The nation is moving towards serious structural reforms, and the reforms are going to test the clarity of operability of states and local bodies. This approach will definitely bring the glamour of Sensex a bit down, but it will eventually strengthen the federal structure of the nation. It will materialise the concept of direct democracy through the increased role of the institutions of local self-governance. This budget may not have made the day of the profit makers of the corporate world. Still, it has kept economic development at the centre of its approach—both for the institutions and for individuals and strikes a fine balance between the roles of government and private sector. Let us join hands and build a care network…

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An ambassador and trained facilitator under Eco Femme (a social enterprise working towards menstrual health in south India), Sanjina is also an active member of the MHM Collective- India and Menstrual Health Alliance- India. She has conducted Menstrual Health sessions in multiple government schools adopted by Rotary District 3240 as part of their WinS project in rural Bengal. She has also delivered training of trainers on SRHR, gender, sexuality and Menstruation for Tomorrow’s Foundation, Vikramshila Education Resource Society, Nirdhan trust and Micro Finance, Tollygunj Women In Need, Paint It Red in Kolkata.

Now as an MH Fellow with YKA, she’s expanding her impressive scope of work further by launching a campaign to facilitate the process of ensuring better menstrual health and SRH services for women residing in correctional homes in West Bengal. The campaign will entail an independent study to take stalk of the present conditions of MHM in correctional homes across the state and use its findings to build public support and political will to take the necessary action.

Saurabh has been associated with YKA as a user and has consistently been writing on the issue MHM and its intersectionality with other issues in the society. Now as an MHM Fellow with YKA, he’s launched the Right to Period campaign, which aims to ensure proper execution of MHM guidelines in Delhi’s schools.

The long-term aim of the campaign is to develop an open culture where menstruation is not treated as a taboo. The campaign also seeks to hold the schools accountable for their responsibilities as an important component in the implementation of MHM policies by making adequate sanitation infrastructure and knowledge of MHM available in school premises.

Read more about his campaign.

Harshita is a psychologist and works to support people with mental health issues, particularly adolescents who are survivors of violence. Associated with the Azadi Foundation in UP, Harshita became an MHM Fellow with YKA, with the aim of promoting better menstrual health.

Her campaign #MeriMarzi aims to promote menstrual health and wellness, hygiene and facilities for female sex workers in UP. She says, “Knowledge about natural body processes is a very basic human right. And for individuals whose occupation is providing sexual services, it becomes even more important.”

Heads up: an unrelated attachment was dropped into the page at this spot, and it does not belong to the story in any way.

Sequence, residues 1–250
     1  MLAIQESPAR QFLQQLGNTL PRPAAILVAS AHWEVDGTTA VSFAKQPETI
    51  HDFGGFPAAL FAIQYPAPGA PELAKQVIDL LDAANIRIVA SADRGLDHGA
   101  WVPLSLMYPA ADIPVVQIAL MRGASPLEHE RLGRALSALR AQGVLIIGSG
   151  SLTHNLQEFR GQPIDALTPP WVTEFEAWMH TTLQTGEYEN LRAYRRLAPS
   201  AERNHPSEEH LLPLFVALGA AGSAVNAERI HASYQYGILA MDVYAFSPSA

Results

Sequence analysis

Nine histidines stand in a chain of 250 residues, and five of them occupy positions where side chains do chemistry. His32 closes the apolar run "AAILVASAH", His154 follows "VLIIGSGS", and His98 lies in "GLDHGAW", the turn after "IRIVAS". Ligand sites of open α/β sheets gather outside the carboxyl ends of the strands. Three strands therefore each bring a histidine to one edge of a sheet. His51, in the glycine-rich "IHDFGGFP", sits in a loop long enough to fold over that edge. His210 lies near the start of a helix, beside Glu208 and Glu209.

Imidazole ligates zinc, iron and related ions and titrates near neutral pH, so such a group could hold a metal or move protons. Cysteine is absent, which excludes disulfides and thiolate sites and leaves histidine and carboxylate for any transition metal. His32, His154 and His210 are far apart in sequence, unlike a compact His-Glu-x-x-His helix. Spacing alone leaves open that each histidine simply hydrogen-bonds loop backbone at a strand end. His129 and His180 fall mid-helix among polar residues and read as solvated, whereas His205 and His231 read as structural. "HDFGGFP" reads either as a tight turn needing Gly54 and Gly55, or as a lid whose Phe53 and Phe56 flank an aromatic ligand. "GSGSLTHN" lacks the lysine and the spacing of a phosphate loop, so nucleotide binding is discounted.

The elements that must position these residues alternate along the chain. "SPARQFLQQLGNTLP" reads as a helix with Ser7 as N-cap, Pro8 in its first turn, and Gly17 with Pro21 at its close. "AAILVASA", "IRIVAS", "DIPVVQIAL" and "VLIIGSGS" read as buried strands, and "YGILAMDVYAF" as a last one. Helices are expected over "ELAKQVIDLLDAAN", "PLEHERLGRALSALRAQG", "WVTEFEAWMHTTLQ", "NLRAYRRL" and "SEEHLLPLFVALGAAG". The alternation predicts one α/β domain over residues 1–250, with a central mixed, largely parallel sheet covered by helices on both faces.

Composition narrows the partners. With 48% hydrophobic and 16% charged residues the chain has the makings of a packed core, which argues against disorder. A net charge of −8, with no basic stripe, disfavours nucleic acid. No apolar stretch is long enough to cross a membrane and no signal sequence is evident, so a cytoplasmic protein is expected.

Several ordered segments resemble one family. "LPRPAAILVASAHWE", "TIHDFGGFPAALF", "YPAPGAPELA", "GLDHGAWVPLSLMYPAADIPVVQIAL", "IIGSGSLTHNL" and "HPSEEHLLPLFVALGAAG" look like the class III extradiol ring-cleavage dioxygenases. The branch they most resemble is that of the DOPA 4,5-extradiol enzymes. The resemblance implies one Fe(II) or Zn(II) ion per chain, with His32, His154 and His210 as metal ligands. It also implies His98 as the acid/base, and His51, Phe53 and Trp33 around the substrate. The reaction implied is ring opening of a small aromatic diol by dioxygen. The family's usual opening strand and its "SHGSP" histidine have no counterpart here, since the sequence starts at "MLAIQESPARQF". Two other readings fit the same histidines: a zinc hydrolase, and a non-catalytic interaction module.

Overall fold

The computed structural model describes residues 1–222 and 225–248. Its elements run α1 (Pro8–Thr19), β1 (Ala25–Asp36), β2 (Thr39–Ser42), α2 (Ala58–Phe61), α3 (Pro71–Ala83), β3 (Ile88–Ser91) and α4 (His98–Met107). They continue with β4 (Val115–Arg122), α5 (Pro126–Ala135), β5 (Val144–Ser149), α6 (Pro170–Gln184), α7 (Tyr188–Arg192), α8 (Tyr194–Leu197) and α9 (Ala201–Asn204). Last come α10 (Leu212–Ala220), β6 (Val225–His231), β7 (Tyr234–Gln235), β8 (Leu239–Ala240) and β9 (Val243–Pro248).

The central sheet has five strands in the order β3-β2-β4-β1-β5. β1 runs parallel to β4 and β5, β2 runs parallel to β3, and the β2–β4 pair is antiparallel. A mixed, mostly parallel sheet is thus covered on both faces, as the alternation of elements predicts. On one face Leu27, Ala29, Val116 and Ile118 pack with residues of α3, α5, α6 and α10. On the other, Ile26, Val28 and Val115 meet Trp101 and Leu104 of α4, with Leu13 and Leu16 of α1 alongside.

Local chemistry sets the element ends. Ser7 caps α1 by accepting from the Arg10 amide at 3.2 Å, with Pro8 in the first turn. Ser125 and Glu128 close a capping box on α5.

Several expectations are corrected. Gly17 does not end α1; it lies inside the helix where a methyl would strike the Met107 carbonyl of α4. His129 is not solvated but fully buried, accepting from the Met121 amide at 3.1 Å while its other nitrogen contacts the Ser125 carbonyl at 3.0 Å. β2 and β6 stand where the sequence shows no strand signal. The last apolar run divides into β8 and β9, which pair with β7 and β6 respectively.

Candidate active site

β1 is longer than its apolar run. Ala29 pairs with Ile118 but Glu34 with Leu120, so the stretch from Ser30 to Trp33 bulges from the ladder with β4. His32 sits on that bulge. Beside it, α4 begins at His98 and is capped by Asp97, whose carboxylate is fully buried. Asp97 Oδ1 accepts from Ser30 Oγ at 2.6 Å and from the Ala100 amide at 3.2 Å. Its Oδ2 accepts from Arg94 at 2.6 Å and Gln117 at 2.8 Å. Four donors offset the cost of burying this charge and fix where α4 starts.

Meri Marzi aims to ensure sensitised, non-discriminatory health workers for the needs of female sex workers in the Suraksha Clinics under the UPSACS (Uttar Pradesh State AIDS Control Society) program by creating more dialogues and garnering public support for the cause of sex workers’ menstrual rights. The campaign will also ensure interventions with sex workers to clear misconceptions around overall hygiene management to ensure that results flow both ways.

Read more about her campaign.

MH Fellow Sabna comes with significant experience working with a range of development issues. A co-founder of Project Sakhi Saheli, which aims to combat period poverty and break menstrual taboos, Sabna has, in the past, worked on the issue of menstruation in urban slums of Delhi with women and adolescent girls. She and her team also released MenstraBook, with menstrastories and organised Menstra Tlk in the Delhi School of Social Work to create more conversations on menstruation.

With YKA MHM Fellow Vineet, Sabna launched Menstratalk, a campaign that aims to put an end to period poverty and smash menstrual taboos in society. As a start, the campaign aims to begin conversations on menstrual health with five hundred adolescents and youth in Delhi through offline platforms, and through this community mobilise support to create Period Friendly Institutions out of educational institutes in the city.

Read more about her campaign. 

A student from Delhi School of Social work, Vineet is a part of Project Sakhi Saheli, an initiative by the students of Delhi school of Social Work to create awareness on Menstrual Health and combat Period Poverty. Along with MHM Action Fellow Sabna, Vineet launched Menstratalk, a campaign that aims to put an end to period poverty and smash menstrual taboos in society.

As a start, the campaign aims to begin conversations on menstrual health with five hundred adolescents and youth in Delhi through offline platforms, and through this community mobilise support to create Period Friendly Institutions out of educational institutes in the city.